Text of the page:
2009-10: Brandon Anderson split time with Linden Rowat as Lethbridge’s (WHL) starting goaltender, posting a record of 12-19-2 with a bloated 3.49 goals against average and a paltry .892 save percentage. Lethbridge was overmatched in 2009-10 however, finishing with 48 points in 72 games, third-worst in the league.
2010-11: With Rowat gone, Anderson established himself as Lethbridge’s starter, getting in 59 games, in which he registered a record of 17-26-12 to go along with an unimpressive 3.77 goals against average and a subpar .888 save percentage. Lethbridge improved in the 2010-11 season, but they were still a WHL bottom-feeder. However, Anderson did notch 17 of their 23 wins on the season.
2011-12: Anderson began the year in Lethbridge in his fourth WHL season but appeared in just six games before being traded to Brandon in October. He struggled with the Wheat Kings sharing the goaltending duties with 18-year-old Corbin Boes. In 37 games between Brandon and Lethbridge he was 15-20 with 3 losses in overtime and finished with a 3.92 goals against and .892 save percentage. The Wheat Kings reached the second round in the playoffs after finishing second in the West Division. Anderson's only playoff appearance came in Brandons' final game when he relieved Boes in the second round series against Edmonton. He stopped 29 of 31 shots in 45 minutes of action in a 6-0 loss.
2012-13: Anderson appeared in 16 games for ECHL champion Reading in his first pro season. Part of a crowded goaltending picture for the Royals, Anderson made three starts in October but saw limited action during the NHL lockout as Philipp Grubauer saw the bulk of the action. Anderson made eight starts following the lockout and finished the season 8-6-1 with 2 shutouts. He had a 3.18 goals against and .876 save percentage. Anderson did not see any action in the Kelly Cup playoff run as minor league veteran Riley Gill saw most of the action and was backed up by Toronto prospect Mark Owuya.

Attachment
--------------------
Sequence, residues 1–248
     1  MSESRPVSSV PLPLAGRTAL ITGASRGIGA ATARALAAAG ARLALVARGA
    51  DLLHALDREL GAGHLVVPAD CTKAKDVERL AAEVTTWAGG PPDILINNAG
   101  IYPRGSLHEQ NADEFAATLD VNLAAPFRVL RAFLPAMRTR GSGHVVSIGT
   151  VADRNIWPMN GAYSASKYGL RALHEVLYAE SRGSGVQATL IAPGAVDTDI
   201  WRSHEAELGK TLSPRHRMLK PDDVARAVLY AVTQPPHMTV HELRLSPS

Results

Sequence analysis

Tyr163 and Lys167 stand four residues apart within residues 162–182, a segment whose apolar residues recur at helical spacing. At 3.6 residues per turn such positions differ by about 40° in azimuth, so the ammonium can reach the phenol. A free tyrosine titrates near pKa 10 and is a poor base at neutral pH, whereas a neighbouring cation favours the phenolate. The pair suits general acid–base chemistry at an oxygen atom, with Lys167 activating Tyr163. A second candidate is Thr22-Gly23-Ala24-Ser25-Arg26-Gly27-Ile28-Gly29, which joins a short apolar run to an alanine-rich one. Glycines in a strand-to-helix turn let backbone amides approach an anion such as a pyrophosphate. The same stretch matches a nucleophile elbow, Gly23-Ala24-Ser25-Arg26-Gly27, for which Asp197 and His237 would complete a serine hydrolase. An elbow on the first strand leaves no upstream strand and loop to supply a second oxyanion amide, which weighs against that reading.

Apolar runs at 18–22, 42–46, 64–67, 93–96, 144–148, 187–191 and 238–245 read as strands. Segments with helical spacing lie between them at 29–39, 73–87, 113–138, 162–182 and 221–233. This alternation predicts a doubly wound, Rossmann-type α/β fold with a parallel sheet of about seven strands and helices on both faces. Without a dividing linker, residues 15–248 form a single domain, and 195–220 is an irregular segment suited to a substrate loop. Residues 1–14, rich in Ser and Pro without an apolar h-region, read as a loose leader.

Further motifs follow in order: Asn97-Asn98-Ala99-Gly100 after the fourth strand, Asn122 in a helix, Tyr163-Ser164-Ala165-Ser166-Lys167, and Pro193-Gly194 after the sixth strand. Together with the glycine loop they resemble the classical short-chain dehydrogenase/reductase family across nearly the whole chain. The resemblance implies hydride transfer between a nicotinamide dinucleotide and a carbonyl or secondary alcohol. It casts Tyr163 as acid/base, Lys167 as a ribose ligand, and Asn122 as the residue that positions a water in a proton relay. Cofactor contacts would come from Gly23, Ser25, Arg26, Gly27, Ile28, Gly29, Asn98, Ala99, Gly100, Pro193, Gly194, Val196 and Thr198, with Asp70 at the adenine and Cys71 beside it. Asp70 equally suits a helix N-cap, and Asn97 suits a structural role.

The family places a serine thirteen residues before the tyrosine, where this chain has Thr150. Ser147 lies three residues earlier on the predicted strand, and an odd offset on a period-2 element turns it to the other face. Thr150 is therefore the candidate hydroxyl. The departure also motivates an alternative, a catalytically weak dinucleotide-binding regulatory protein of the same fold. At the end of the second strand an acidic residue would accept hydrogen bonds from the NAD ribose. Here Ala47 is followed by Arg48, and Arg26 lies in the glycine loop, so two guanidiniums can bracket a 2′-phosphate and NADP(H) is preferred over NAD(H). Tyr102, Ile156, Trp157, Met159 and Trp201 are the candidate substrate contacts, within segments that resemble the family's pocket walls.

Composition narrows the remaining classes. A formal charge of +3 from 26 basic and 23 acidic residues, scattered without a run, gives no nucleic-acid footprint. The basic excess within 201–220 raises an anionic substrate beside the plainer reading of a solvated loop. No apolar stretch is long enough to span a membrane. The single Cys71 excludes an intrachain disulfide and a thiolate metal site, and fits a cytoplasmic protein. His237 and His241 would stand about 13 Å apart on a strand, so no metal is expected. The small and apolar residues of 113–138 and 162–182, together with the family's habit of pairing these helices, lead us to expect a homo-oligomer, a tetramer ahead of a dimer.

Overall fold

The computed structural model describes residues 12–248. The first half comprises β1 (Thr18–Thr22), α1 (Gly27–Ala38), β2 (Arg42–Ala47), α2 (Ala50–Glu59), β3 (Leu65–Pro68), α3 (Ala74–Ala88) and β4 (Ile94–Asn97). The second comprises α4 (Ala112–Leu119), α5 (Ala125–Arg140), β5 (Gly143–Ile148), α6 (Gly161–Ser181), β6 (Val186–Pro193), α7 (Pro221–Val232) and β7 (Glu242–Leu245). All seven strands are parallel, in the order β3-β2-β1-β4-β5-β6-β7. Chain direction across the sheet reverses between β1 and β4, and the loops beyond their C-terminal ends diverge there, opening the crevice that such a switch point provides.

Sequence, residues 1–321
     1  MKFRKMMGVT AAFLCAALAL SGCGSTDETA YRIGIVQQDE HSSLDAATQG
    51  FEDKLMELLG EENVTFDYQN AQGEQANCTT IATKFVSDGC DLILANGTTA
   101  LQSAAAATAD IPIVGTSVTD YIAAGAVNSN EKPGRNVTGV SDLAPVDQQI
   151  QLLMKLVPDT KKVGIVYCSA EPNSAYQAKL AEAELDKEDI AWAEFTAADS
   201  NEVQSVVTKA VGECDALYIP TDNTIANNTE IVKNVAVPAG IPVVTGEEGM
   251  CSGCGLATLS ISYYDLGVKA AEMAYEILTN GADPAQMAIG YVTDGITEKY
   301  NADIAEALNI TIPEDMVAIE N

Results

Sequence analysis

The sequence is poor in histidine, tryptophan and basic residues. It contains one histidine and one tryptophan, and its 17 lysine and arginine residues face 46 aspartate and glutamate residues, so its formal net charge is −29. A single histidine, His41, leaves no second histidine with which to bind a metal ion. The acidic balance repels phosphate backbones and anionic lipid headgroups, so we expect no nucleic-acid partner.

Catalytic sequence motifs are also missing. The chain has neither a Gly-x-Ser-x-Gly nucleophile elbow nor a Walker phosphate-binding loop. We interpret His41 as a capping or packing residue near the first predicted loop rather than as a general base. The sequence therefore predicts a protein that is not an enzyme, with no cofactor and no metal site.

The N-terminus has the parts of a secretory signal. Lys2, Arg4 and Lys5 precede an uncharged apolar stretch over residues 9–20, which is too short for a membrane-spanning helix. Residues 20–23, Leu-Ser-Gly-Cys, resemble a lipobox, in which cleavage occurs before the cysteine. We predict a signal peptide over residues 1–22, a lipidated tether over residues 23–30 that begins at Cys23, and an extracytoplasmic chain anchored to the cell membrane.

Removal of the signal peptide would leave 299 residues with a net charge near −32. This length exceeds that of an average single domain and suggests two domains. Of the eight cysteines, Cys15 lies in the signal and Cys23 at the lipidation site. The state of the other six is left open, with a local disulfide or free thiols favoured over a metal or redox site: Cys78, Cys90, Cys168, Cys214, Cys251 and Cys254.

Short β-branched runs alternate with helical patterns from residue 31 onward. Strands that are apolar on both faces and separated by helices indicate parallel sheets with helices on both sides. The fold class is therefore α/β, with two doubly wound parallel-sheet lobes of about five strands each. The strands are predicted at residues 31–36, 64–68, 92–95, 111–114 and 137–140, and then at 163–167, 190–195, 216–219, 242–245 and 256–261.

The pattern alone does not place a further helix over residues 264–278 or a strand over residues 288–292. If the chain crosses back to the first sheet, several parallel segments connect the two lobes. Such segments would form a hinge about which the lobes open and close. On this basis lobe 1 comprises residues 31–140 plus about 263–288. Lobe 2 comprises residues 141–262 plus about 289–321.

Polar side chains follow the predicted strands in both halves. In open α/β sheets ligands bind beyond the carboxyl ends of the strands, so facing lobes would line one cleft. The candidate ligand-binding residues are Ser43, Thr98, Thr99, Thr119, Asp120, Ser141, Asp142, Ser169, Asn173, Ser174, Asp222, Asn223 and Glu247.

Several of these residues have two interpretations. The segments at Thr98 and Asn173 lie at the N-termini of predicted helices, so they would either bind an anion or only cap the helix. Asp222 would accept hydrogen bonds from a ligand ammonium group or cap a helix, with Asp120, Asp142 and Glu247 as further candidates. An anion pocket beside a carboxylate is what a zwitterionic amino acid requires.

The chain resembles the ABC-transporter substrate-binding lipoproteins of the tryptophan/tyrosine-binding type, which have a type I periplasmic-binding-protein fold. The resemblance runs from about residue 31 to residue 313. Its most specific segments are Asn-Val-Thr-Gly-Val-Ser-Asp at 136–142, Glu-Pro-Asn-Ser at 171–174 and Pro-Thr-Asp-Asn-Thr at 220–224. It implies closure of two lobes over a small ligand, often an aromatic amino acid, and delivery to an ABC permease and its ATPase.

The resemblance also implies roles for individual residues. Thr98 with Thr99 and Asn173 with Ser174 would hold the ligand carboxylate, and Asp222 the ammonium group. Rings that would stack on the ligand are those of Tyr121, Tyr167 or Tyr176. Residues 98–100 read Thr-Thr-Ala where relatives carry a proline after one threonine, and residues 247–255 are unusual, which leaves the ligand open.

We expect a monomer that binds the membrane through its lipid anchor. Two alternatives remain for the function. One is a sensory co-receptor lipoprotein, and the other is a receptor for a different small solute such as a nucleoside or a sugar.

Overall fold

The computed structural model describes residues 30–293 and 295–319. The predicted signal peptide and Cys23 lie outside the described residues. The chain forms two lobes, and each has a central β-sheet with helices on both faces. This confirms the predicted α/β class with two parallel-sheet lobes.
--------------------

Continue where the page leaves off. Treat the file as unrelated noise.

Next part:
Anderson is not a flashy goaltender, but rather employs an economy of movement style game. He tries to get himself in position and square to the shooter most times which is commendable. The fundamentals and thinking of the game are there with Anderson as he watches the play well and seems to keep up. However physically he has a few holes. He isn’t the most athletic of goaltenders, nor does he have that strong of a lower body capable of explosive lateral movement. With his style he wouldn’t need it necessarily but if the occasion were to come upon him to use raw athleticism for a save he would struggle.
Anderson is still very raw, but the Capitals see potential in him and he will be given plenty of time to develop in the ECHL and in Hershey (AHL). Down the road, he could be a serviceable backup goaltender, but he has a long way to go.